A candidate for the Great Neck school board declined to say on Monday whether he supports a proposed bond to repair and improve school buildings, setting off a clamor at a meet-the-candidates event and drawing an implicit rebuke from his opponent.
The other five candidates supported the $68.3 million bond. Two board seats are being contested in the election on May 16.
“I’m sorry, but I don’t see any beneficial reason to answering the question and further polarizing the community,” said Ilya Aronovich, vice president of the board of Silverstein Hebrew Academy, noting that whoever wins the seat will deal with the consequences of the bond.
The filled meeting room at the Great Neck Library erupted, with people asking why he wouldn’t answer the question. Some accused him of not supporting the bond.
“Actually, nobody should really put words in my mouth. I’m not saying whether I do or I don’t and especially because I would tell you if I was a private citizen, but I’m not telling you as a candidate here. It doesn’t matter,” Aronovich responded.
Moderators from the sponsoring groups, the Sephardic Heritage Alliance and the Great Neck Chinese Association, intervened, asking the crowd of more than 100 people to respect the candidates. The candidates do not have to answer a question if they do not want to, they added.
Then Rebecca Sassouni, chair of the United Parent-Teacher Council’s Legislative Affairs Committee, pounced. She said that, as the person running against him, she needed to point out that Aronovich is “running for a public school board” and “cannot state a position on a matter of import that everyone in this room is about to vote on.”
“And, of course, I support the bond referendum,” Sassouni added.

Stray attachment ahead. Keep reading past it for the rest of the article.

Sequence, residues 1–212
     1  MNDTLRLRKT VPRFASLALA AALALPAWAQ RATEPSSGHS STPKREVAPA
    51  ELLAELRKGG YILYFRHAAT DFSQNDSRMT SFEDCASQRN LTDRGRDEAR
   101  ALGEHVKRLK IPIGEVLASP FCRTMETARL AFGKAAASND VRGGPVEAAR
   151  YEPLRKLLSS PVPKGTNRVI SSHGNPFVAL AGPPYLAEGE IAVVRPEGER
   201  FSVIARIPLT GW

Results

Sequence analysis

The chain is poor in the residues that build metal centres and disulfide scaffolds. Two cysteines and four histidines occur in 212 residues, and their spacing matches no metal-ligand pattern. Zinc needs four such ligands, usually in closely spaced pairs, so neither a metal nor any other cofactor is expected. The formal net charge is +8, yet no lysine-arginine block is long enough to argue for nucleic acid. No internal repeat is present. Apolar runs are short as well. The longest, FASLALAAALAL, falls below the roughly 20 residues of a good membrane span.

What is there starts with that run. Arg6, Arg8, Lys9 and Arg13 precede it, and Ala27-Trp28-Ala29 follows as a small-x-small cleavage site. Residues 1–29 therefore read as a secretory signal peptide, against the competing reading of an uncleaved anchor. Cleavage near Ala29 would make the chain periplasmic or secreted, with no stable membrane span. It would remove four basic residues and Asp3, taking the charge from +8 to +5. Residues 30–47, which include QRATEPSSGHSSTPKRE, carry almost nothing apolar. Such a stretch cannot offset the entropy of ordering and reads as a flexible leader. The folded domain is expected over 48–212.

She and Aronovich are competing for one board seat, and four other candidates are competing for the second seat.
The $68.3 million bond proposal is the successor to a $85.9 million proposal rejected in February. It is meant to pay for critical infrastructure and building enhancements across the Great Neck district’s 18 buildings, whose average age is 77.
The total cost of renovations will be about $77.85 million, with $9.5 million coming from reserve funds. Roof replacements, masonry projects and window and door replacements will account for $51.7 million, while $26.1 million goes towards science labs, auditorium renovations and various other upgrades.
“They are necessary enhancements to keep us on the cutting edge of instruction and make us in a better position to teach the curriculum,” John Powell, assistant superintendent for business, said in an earlier interview.
One candidate, Grant Toch, chair of the United Parent-Teacher Council’s Budget Committee, expressed support for the new bond, but said it could have been bolder.
“We had a vision of using this money not just to fix windows and roofs, but to really help build the school that we wanted to have in 15 years time when this bond actually matured,” Toch said, referring to work with Jimmy Kwong and others on the council’s Budget Committee.
Nikolas Kron, a candidate who founded a real estate and finance company and previously was a strategy consultant, said that school districts routinely issue bonds to fund necessary infrastructure improvements and that what goes into financial planning by the board is understated.
“From my perspective, I think that the bond is necessity for managing a school district,” Kron said. “It is the most financially prudent way to spread the cost over a 20-year period, taking advantage of low bond rates with a triple A rating that gives us an advantage over other school districts.”
Another candidate, Michael Golden, a retired public school teacher now heading the Great Neck Per Diem Teachers organization, also said fixing the old infrastructure of the schools is pivotal.
“The only way to reasonably do that is through passing the bond issue,” Golden said. “I just think it’s essential.”
Jeffrey Shi, a candidate who has worked with financial, healthcare and technology companies, said a small portion of taxpayers have children in the district, but the taxpayers sacrifice a bit to help build a legacy.
“[The] bond is an investment in our future,” Shi said. “It is a community building process.”
Great Neck residents will vote on the bond, budget and two trustee seats on May 16.